Growing demand for green apartments in Sydney

In Sydney’s thriving real estate market, eco-conscious homebuyers and property investors are paying attention to apartments with sustainability features.

While semi-retired couple Owen and Kerrie Sargeant aren’t committed greenies, they’re aware of the environmental footprint their generation is making.   

“When I look at the type of buildings being constructed in many suburbs, it’s just high-rise after high-rise,” Owen said. “I’m not a total greenie, but I have grandchildren now and what we’re doing to the environment and to the community will impact on how they live in the future.”

The Sargeants spent close to $1.2m on a two-bedroom, two-bathroom apartment with city views and parking in The Livingstone, the first stage of Mirvac’s Marrick & Co. This development is the first in NSW to receive One Planet Living certification, an eco-friendly program that advocates the use of zero waste, zero carbon, and sustainable building materials.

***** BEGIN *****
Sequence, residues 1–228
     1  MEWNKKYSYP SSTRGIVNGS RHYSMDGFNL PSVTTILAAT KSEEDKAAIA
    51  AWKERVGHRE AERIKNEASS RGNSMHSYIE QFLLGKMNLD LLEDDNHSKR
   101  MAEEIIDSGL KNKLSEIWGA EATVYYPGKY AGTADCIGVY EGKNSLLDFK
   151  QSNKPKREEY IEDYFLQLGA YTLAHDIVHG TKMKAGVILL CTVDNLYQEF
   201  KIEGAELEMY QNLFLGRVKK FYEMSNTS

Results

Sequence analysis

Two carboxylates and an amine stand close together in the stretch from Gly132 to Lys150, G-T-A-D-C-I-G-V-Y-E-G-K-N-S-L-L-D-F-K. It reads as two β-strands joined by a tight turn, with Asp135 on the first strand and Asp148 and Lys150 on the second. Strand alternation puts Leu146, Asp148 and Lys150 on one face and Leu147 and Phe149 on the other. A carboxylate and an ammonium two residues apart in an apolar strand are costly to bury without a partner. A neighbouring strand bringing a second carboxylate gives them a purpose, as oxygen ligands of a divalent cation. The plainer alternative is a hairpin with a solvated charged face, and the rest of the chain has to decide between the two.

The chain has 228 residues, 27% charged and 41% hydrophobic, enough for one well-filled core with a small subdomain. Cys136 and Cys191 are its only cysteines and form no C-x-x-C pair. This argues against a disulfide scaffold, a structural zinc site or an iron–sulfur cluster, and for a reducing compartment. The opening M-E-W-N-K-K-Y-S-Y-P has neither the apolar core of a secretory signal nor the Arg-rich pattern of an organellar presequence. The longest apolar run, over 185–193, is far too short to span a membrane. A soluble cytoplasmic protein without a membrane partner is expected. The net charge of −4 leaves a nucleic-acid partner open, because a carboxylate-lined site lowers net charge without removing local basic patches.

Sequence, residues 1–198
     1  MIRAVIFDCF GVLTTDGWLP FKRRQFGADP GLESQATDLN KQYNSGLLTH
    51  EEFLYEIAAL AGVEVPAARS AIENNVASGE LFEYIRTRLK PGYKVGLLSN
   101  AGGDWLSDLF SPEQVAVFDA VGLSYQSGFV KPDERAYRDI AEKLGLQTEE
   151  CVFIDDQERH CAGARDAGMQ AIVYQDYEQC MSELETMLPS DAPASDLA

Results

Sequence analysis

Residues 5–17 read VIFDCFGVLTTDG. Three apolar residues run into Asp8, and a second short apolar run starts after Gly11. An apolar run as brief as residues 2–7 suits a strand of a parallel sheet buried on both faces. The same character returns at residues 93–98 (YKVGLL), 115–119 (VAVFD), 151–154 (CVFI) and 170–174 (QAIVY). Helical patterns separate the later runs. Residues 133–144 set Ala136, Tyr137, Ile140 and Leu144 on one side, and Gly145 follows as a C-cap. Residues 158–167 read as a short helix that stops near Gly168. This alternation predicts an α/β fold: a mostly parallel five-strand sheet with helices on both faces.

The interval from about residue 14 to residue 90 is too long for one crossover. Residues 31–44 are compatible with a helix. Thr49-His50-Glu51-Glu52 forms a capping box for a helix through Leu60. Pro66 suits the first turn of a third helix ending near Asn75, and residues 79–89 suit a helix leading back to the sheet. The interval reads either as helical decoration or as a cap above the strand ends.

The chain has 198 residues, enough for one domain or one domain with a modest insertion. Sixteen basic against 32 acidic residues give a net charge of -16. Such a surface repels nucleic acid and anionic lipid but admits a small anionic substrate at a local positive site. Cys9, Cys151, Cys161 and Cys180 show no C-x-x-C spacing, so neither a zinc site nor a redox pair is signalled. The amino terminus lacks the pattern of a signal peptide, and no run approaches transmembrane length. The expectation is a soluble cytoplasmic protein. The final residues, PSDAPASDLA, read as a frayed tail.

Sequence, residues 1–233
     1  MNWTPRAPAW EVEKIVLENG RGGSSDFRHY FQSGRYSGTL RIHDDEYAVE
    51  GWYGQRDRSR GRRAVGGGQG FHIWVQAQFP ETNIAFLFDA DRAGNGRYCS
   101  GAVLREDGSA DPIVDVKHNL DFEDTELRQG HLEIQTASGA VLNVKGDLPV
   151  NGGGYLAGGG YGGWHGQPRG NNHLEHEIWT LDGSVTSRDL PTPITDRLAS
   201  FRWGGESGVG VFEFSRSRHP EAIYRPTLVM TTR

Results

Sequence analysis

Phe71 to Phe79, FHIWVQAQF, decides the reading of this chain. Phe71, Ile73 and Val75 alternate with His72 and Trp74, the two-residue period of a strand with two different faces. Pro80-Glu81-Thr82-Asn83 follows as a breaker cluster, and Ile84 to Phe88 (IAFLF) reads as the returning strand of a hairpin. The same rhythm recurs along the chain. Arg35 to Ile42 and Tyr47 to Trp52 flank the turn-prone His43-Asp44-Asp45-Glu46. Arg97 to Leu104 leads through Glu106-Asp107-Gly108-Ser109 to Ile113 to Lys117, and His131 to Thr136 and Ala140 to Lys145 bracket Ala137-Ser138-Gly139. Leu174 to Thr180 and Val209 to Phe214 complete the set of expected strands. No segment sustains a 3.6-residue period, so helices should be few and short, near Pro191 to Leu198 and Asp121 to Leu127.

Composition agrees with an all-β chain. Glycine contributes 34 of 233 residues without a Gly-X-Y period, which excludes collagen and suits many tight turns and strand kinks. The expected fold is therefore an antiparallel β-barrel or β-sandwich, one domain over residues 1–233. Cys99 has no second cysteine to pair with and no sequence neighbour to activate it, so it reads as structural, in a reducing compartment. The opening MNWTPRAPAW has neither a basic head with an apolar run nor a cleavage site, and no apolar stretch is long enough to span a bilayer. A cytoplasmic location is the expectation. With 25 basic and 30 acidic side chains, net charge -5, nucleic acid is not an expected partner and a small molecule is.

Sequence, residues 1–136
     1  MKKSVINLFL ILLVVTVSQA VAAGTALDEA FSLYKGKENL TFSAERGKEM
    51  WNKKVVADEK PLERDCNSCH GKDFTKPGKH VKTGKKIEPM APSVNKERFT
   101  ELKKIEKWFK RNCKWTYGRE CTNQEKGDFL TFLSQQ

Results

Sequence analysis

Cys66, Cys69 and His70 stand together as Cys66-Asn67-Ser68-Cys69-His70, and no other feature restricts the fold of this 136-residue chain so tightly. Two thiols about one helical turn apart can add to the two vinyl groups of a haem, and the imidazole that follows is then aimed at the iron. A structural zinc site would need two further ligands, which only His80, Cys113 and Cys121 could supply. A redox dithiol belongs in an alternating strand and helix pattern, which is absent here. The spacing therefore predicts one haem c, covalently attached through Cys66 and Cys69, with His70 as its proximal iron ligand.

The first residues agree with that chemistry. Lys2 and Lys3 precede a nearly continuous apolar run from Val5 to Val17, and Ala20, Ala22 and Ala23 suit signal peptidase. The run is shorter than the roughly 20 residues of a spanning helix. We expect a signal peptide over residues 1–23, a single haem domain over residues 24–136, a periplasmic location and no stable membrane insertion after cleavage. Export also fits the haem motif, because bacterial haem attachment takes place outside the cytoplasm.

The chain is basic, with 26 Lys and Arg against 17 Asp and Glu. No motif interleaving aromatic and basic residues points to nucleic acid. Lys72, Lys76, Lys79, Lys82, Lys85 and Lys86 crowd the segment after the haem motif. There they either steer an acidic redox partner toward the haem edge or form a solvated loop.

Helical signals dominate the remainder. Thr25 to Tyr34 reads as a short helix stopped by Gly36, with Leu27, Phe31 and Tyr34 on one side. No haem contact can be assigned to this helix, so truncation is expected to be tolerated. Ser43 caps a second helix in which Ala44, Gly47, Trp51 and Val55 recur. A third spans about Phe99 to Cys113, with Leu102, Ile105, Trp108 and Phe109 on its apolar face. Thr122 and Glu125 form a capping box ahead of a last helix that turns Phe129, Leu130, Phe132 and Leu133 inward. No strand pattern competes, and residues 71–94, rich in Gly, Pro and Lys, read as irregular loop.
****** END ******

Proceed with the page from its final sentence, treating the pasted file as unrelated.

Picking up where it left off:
Of course, for many buyers, apartments with sustainability features are a welcome benefit, though sustainability isn’t the main deciding factor, according to Benjamin Kingsley, chairman of Property Investment Professionals of Australia (PIPA).

“It’s not the main factor that investors consider – it’s a good extra,” he said.

But even mainstream property investors, who typically focus primarily on financial returns, are beginning to see the benefits of buying properties with environmentally-friendly inclusions.

A recent survey of 1,000 people by YouGov, a market research company, on behalf of AYMCI found that 58% of respondents viewed “energy-saving characteristics” as an important feature when scouting for property. 

Properties with features that cut down on electricity bills, such as solar and airflow maximising designs, would be more attractive to renters, Kingsley said.

Savvy property investors know this, and many would rather go for a property with eco-features than one without if they’re both in the same price range.

Jonathan Cartledge, head of public affairs for the Green Building Council of Australia (GBCA), said the public is increasingly favouring green residential buildings.

“We’re at the tipping point for consumers … there’s an increased awareness from home buyers that [sustainable homes] are cheaper to run and can withstand a changing climate,” Cartledge said.

There are now 42,000 people living in apartment buildings with a Green Star rating, which is the GBCA’s sustainable certification. Counting all of the dwellings and projects underway, there will be 420,000 people moving into communities with this certification in the next few years.